Thermometer. Definition and application

Feelings of warmth, coolness, hot and cold - are subjective feelings. Without thermometers, we would not be able to precisely determine the temperature of bodies, air or water. How do thermometers work and what are their types?

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1. Thermometer. Definition

The thermometer is a measuring instrument for determining temperature by an indirect method. Its basis is the influence of temperature changes on the properties of bodies with specific characteristics, in which these changes are constant and possible to measure and refer to the scale. They are called thermometric properties.

Thanks to thermometers, we can measure the temperature of the environment or specific objects. Thermometers are used to measure temperatures up to 600 ° C. Measuring instruments for higher temperatures are called pyrometers.

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2. Types of thermometers

Thermometers can be divided according to the principle of operation. Here are the most common types of thermometers:

  • Liquid thermometers - the most commonly used. They use the phenomenon of thermal expansion of the liquid. Most often it is mercury or alcohol.
  • Mercury thermometers enable temperature measurements from -38 ° C to +356 ° C. On the other hand, alcohol from -70 to +120 ° C.
  • Gas thermometers - as the name implies, the working medium is gas. Gas parameters are measured, e.g. volume at constant pressure or pressure at constant volume.
  • Steam thermometers - they use the dependence of the pressure of saturated steam on its temperature. They are often used in car thermostats.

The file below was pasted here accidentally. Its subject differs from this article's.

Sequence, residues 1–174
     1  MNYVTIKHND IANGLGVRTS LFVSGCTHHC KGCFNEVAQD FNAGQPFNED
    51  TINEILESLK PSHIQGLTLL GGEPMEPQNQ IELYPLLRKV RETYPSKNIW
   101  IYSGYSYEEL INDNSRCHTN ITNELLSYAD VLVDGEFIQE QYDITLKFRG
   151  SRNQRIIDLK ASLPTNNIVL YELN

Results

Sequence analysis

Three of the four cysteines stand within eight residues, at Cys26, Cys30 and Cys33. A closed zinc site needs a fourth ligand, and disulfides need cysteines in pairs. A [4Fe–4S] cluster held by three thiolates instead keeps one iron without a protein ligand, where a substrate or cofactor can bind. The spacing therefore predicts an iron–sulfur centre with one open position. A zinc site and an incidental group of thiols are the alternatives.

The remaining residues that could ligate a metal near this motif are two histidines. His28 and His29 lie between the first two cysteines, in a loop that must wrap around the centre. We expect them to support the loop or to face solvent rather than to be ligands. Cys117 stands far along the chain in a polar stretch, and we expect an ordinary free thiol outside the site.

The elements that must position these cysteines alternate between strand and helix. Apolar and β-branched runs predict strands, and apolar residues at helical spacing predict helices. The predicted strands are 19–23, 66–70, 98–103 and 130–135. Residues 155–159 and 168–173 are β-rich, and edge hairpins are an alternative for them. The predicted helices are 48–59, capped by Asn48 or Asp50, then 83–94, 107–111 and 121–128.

• Resistance thermometers - they are based on the dependence of the electric current resistance on the temperature of the current conductor, where cables made of platinum and special alloys are usually used.
  • Magnetic thermometers make use of the close relationship between the magnetic susceptibility (susceptibility to magnetization) of certain substances and their temperature. They are very useful in certain technical fields as they also allow the measurement of near temperatures.

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3. Thermometers. Application

Thermometers are classified by application. High-precision medical thermometers are used in medicine to measure body temperature.

The range of medical thermometers is from 35 to 42 ° C. The most common are mercury thermometers, or more often - electronic ones, which work by sensing waves of infrared radiation.

In science, laboratory thermometers are used to measure the temperature of various substances, usually placed inside glass apparatus. Laboratory thermometers look quite similar to medical thermometers, only they are usually longer. The measurement scale is from 0 to 150 ° C.

4. Temperature scales. Kelvin

There are three main scales for measuring temperature in the world - Kelvin, Celsius and Fahrenheit.

In scientific applications, the Kelvin scale is most often used, denoted by the letter K. It was created in 1848 by the Scottish physicist William Thomson, Lord Kelvin.

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The Kelvin scale begins at the point of the lowest possible temperature at which the movement or bonding of body molecules stops. A temperature of 0 K equals a temperature of -273.15 ° C.

The kelvin is also the basic unit of temperature in the SI or International System of Units. Contrary to the popular Celsius scale, the Kelvin scale does not use the term "degrees", but Kelvin.

## Temperature scales. Celsius

The most common temperature scale in the world is the Celsius scale, where temperatures are given in degrees Celsius and denoted by the ° C sign.

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The Celsius scale is based on two fixed points: 0 ° C (melting point of ice) and 100 ° C (boiling point of water). The temperature unit is the degree Celsius (° C).

## Temperature scales. Fahrenheit

In some Anglo-Saxon countries (e.g. in the United States) the temperature is expressed on the Fahrenheit scale, where 0 is shifted from the zero Celsius scale by 32.

32 ° F correspond to the melting point of ice and 212 ° F to the boiling point of water at normal pressure, i.e. 1013 hPa.

The unit of the Fahrenheit scale is the degree Fahrenheit, denoted as ° F.

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